Older workers do not necessarily perform worse
Do older staff members earn more than they deserve? Dutch research carried out into productivity and incomes among older workers by labour economist Jan van Ours (Tilburg University) shows that the difference in performance between older and younger employees is negligible.
It is generally thought that most employees reach their peak at some time between the ages of forty and fifty. After that, their productivity gradually declines.
According to Professor Jan van Ours, this decline in performance was always assumed to be so self-evident that no one carried out research to find out if it was actually the case. In fact, he himself decided to undertake research into a group of runners and discovered that physical performance begins to decline from around the age of forty. But when he investigated whether older economists also publish less in scientific journals, he discovered that there was no noticeable fall-off in productivity. Van Ours also found that older employees in manufacturing tend to produce a little less than they are actually paid for. For younger workers, the opposite is true.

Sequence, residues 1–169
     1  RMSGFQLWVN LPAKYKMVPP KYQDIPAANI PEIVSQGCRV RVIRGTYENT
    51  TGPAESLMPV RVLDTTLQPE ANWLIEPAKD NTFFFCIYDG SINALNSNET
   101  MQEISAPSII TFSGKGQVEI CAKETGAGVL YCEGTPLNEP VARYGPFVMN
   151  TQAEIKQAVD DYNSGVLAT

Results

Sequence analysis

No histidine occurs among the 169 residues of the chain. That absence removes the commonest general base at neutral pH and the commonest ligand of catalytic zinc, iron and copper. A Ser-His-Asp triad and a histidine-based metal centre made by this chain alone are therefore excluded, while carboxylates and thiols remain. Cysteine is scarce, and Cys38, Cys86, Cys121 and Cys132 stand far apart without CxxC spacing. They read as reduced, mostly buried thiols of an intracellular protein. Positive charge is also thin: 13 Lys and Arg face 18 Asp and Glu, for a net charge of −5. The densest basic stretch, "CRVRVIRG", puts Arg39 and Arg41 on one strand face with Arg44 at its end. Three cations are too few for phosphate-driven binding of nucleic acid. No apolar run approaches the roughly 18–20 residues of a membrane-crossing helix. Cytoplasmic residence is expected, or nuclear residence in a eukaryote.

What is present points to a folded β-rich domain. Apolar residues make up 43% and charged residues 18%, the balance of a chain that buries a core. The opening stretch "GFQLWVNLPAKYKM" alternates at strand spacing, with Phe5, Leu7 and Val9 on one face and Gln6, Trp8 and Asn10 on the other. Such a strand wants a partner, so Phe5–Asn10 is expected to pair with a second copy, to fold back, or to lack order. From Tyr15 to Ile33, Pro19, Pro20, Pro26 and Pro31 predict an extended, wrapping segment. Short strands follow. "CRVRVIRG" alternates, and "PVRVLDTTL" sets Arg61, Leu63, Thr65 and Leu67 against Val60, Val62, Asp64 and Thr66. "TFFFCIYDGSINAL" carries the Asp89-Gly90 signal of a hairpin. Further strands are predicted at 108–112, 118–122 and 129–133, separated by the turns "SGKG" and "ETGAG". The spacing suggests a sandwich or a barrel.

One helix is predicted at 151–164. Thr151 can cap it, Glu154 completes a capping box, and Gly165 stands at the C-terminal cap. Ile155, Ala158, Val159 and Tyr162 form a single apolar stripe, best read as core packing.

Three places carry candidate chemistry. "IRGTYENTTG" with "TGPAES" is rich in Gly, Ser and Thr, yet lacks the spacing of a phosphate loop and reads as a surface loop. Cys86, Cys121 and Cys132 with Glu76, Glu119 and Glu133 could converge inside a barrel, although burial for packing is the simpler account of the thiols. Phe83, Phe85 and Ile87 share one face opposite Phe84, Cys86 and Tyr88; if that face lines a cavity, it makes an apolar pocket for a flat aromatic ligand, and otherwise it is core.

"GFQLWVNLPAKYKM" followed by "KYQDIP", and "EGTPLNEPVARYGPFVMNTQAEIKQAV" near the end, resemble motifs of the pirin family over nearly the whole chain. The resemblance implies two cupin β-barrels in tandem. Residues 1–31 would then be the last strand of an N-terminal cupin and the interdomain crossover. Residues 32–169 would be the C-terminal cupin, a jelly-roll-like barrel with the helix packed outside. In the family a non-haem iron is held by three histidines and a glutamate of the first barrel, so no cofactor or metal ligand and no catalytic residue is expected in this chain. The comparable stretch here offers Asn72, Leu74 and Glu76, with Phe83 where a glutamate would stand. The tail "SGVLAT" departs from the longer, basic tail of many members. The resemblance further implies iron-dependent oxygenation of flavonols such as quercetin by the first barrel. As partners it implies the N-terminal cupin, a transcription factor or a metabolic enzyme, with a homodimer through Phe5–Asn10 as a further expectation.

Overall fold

Van Ours’ research confirms that productivity rates for physically demanding work in particular decline somewhat with age, but for work of a more intellectual nature, age does not matter much. Generally, older workers earn a little more relative to the level at which they perform, but this difference is negligible says Van Ours. The biggest problem, to which Van Ours thinks a solution should be found, is that older workers find it difficult to get another job if they find themselves out of work.